Bar passage rate for law school graduates increases
The bar passage rate for new graduates of the University of Hawaiʻi at Mānoa’s William S. Richardson School of Law rose from 75 percent annually over the past three years to 83 percent for the July 2013 Hawaiʻi State Bar exam. There was also a decided increase in the passage rate for all School of Law graduates who took the test, up to 78 percent from 71 percent a year ago.
The jump in passage rates follows a concerted effort by the School of Law to get students thinking about the bar exam earlier and to help them prepare. “Even excellent students often face challenges on the bar exam. We’ve just tried to raise awareness among students,” said Liam Skilling, director of the School of Law’s Academic Success Program and Evening Part-Time Program.
“We provide a number of workshops to give students information about what they can expect, as well as practice opportunities so they can have the experience of taking real bar questions even before starting their bar preparation,” Skilling said. “We have a nice bar passage rate in the worst of days, but it’s certainly good to see the numbers going up and seeing more students passing on their first attempts.”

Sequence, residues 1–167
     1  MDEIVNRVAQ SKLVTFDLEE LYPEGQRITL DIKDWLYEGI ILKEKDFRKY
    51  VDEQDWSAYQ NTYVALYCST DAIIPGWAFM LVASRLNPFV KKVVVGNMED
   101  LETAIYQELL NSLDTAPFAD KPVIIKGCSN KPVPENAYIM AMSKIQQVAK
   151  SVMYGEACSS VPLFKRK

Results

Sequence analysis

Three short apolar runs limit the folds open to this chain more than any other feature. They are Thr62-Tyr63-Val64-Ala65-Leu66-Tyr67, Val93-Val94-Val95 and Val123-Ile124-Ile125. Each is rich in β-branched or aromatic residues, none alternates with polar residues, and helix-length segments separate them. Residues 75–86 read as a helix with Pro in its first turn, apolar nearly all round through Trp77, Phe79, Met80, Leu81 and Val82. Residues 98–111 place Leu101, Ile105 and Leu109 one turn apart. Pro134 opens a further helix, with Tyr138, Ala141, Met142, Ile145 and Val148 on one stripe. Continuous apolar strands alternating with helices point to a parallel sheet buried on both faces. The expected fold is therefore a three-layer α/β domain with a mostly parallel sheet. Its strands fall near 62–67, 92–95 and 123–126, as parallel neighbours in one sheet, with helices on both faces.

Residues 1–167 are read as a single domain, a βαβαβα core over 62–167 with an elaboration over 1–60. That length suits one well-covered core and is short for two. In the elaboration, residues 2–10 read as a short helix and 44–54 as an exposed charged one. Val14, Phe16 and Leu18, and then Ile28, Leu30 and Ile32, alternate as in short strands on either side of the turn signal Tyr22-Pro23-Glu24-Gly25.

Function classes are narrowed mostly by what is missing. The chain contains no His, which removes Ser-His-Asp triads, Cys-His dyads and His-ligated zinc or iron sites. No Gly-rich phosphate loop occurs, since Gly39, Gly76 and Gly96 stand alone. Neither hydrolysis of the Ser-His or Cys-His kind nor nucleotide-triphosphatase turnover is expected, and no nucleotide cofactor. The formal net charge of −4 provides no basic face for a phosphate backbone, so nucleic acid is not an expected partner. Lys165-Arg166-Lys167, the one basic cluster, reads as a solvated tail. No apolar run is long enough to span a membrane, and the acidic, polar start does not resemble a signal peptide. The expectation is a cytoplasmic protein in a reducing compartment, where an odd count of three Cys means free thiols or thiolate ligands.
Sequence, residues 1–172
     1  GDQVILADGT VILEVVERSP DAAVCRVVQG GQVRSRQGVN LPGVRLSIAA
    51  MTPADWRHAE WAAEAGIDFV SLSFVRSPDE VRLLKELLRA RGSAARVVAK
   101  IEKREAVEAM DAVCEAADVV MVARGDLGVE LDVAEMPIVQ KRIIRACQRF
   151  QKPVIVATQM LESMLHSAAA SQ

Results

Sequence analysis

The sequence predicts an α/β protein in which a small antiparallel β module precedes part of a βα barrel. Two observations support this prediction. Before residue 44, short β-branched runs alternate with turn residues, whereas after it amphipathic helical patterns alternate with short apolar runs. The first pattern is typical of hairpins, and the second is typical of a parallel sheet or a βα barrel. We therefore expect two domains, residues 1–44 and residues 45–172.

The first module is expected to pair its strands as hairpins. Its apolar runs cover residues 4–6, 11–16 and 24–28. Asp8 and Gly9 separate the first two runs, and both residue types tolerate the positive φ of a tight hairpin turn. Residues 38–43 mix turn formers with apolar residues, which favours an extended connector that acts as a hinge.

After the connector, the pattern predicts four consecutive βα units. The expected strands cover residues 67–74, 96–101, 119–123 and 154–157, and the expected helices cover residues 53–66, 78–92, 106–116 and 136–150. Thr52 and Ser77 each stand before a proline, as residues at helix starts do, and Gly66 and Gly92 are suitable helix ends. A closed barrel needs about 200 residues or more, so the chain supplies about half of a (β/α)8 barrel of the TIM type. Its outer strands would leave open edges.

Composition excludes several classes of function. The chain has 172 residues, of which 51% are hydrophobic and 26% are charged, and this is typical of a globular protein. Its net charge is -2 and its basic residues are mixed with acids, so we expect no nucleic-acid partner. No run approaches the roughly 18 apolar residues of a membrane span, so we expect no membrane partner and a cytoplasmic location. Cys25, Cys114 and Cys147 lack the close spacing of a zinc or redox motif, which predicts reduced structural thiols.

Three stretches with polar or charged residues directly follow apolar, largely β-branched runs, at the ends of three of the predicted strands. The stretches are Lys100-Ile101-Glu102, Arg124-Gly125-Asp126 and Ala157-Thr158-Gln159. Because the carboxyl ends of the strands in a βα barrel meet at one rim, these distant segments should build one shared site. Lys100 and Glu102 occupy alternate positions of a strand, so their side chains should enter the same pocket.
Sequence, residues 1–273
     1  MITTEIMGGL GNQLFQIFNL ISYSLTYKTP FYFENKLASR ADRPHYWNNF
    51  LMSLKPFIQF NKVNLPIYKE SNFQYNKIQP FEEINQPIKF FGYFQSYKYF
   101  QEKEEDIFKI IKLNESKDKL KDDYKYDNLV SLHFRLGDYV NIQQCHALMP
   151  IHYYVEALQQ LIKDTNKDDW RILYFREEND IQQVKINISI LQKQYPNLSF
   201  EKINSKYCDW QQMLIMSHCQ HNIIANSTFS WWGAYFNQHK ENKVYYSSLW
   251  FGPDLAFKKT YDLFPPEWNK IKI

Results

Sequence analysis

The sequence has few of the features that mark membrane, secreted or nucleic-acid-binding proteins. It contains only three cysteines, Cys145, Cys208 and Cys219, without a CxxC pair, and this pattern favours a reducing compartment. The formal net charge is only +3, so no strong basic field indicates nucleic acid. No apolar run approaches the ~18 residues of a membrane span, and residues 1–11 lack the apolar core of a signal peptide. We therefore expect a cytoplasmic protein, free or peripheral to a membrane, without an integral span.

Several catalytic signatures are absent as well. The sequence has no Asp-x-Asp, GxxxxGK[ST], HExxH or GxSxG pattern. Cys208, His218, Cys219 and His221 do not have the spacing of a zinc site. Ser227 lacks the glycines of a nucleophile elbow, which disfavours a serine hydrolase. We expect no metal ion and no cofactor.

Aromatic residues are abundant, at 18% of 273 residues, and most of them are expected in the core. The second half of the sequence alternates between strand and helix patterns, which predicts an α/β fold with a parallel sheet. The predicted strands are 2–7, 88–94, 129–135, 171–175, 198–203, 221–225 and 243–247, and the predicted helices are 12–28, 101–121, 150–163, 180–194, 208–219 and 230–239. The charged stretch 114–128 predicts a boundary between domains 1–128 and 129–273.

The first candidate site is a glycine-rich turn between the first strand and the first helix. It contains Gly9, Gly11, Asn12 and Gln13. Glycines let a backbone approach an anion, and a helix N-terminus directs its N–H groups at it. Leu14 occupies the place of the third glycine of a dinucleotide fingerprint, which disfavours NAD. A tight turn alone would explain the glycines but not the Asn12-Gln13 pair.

Bar passage rates are an important element when prospective students are searching for the right law school, as well as for rankings by U.S. News and World Report. School of Law Dean Avi Soifer said that the increased passage rate is both a testament to the efforts of the faculty and staff, and to the high quality of the students themselves. “Richardson Law School students are exceptional, and now that we have helped them focus on the bar exam, they have risen to the challenge admirably,” said Soifer.
Read the School of Law news release for more.
- Elder Law Program updates legal guide to aging
- Law student named 2015 Patsy T. Mink Fellow
- Cornell property law scholar speaks at UH law school
- From Mississippi to Mānoa: Why mass incarceration matters
- 2015 spring commencement ceremony schedule
Category: Academic News